(b) In the event an insurer has a contract or a group of related similar contracts for which future gross premiums will be restricted by contract, insurance department regulations or for other reasons, such that the future gross premiums reduced by expenses for administration, commissions, and taxes will be insufficient to cover future claims, the insurer shall establish contract reserves for such shortfall in the aggregate.

Stat. Auth.: ORS 731.244 & ORS 733.080
Stats. Implemented: ORS 733.080
Hist.: ID 7-1995, f. & cert. ef. 11-15-95

836-031-0260

Reinsurance

Increases to or credits against reserves held that arise because of reinsurance assumed or reinsurance ceded must be determined in a manner consistent with OAR 836-031-0200 to 836-031-0300 and also with all applicable provisions of the reinsurance contracts that affect the liabilities of the insurer.

Stat. Auth.: ORS 731.244 & 733.080
Stats. Implemented: ORS 733.080
Hist.: ID 7-1995, f. & cert. ef. 11-15-95

836-031-0270

Specific Standards for Morbidity

The following standards apply to morbidity:

(1) Minimum morbidity standards for valuation of specified benefits provided in individual health insurance policies are as follows:

(a) For disability income benefits due to accident or sickness:

(A) Contract reserves:

(i) Contracts issued on or after January 1, 1965 and prior to January 1, 1987: The 1964 Commissioners Disability Table (64 CDT) or, at the option of the insurer, a more recent table approved by the Director;

(ii) Contracts issued on or after January 1, 1995: the 1985 Commissioners Individual Disability Tables A (85CIDA) or the 1985 Commissioners Individual Disability Tables B (85CIDB). Each insurer shall elect, with respect to all individual contracts issued in any one statement year, whether it will use Tables A or Tables B as the minimum standard. An insurer may, however, elect to use the other tables with respect to any subsequent statement year;

(iii) Contracts issued during 1987 through 1994: Optional use of either the 1964 Table or the 1985 Tables as provided in paragraph (ii) of this subsection;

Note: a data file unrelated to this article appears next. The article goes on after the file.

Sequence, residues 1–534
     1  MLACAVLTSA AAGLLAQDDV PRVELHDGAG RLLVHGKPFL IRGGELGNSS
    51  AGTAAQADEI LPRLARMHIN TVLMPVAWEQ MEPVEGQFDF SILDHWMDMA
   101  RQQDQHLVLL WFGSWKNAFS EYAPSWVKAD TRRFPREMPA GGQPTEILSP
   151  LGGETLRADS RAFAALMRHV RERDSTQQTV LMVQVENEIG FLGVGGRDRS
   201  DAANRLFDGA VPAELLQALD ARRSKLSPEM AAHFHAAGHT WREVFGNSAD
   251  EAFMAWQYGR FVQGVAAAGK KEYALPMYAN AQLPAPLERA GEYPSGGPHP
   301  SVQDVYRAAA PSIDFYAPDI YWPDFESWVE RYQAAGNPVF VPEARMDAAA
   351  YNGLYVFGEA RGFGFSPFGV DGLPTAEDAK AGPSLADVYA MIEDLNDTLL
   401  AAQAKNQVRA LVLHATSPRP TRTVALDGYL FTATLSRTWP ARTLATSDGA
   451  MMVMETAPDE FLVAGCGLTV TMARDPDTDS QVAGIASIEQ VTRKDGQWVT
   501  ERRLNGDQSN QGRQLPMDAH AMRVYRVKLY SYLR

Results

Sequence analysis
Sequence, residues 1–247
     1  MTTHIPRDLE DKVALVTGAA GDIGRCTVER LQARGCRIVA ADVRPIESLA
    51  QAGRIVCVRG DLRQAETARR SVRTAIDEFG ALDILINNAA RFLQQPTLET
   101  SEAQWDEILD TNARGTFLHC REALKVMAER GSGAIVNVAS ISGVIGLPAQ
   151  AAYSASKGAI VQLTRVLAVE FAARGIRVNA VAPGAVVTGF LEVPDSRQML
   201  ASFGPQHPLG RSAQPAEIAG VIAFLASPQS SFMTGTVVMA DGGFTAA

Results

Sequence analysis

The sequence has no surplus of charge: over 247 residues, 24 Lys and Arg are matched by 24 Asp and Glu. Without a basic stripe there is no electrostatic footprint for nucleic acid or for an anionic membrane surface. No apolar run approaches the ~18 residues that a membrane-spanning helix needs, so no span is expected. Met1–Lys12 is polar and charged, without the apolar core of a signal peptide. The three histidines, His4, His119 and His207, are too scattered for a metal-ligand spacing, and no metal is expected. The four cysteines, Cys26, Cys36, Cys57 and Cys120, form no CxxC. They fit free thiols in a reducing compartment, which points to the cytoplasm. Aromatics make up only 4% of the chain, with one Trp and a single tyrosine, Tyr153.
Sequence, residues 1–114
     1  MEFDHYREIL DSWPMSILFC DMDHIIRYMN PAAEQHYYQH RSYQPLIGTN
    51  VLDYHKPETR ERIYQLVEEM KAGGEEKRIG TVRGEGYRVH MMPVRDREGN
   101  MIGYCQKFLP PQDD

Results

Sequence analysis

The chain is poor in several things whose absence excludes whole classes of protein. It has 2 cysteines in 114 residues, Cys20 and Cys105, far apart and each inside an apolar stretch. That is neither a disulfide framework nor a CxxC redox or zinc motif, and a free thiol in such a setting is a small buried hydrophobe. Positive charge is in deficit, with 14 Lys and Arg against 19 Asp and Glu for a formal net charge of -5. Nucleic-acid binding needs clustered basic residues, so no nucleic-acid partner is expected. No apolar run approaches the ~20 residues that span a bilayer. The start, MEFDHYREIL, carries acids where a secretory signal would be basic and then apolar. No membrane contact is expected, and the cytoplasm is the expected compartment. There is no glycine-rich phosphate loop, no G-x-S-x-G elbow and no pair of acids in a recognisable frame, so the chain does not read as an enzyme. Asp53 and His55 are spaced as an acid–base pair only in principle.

(B) Claim reserves: The minimum morbidity standard in effect for contract reserves on currently issued contracts, as of the date the claim is incurred.

(b) For hospital benefits, surgical benefits and maternity benefits (scheduled benefits or fixed time period benefits only):

(A) Contract reserves:

(i) Contracts issued on or after January 1, 1955, and before January 1, 1982: The 1956 Intercompany Hospital-Surgical Tables; and

(ii) Contracts issued on or after January 1, 1982: the 1974 Medical Expense Tables, Table A, Transactions of the Society of Actuaries, Volume XXX, pg. 63. Refer to the paper (in the same volume, pg. 9) to which this table is appended, including its discussions, for methods of adjustment for benefits not directly valued in Table A: Development of the 1974 Medical Expense Benefits, Houghton and Wolf;

(B) Claim reserves: No specific standard. See subsection (e) of this section;

(c) Cancer expense benefits (Scheduled benefits or fixed time period benefits only):

(A) Contract reserves: Contracts issued on or after January 1, 1986: the 1985 NAIC Cancer Claim Cost Tables;

(B) Claim reserves: No specific standard. See subsection (e) of this section;

(d) Accidental death benefits:

(A) Contract reserves: Contracts issued on or after January 1, 1965: the 1959 Accidental Death Benefits Table.

(B) Claim reserves: Actual amount incurred.

(e) Other individual contract benefits:

(A) Contract reserves: For all other individual contract benefits, morbidity assumptions are to be determined by using tables established for reserve purposes by a qualified actuary and acceptable to the Director;

(B) Claim reserves: For all benefits other than disability, claim reserves are to be determined by using tables established for reserve purposes by a qualified actuary and acceptable to the Director.

(2) Minimum morbidity standards for valuation of specified benefits for group health insurance policies are as follows:

(a) For disability income benefits due to accident or sickness:

(A) Contract reserves:

(i) Contracts issued prior to January 1, 1995: Use of the 87CGDT is optional; and

(ii) Contracts issued on or after January 1, 1995: the 1987 Commissioners Group Disability Income Table (87CGDT); and

(B) Claim reserves:

(i) For claims incurred on or after January 1, 1995: the 1987 Commissioners Group Disability Income Table (87CGDT); and

(ii) For claims incurred prior to January 1, 1995: Use of the 87CGDT is optional; and

(b) Other group contract benefits: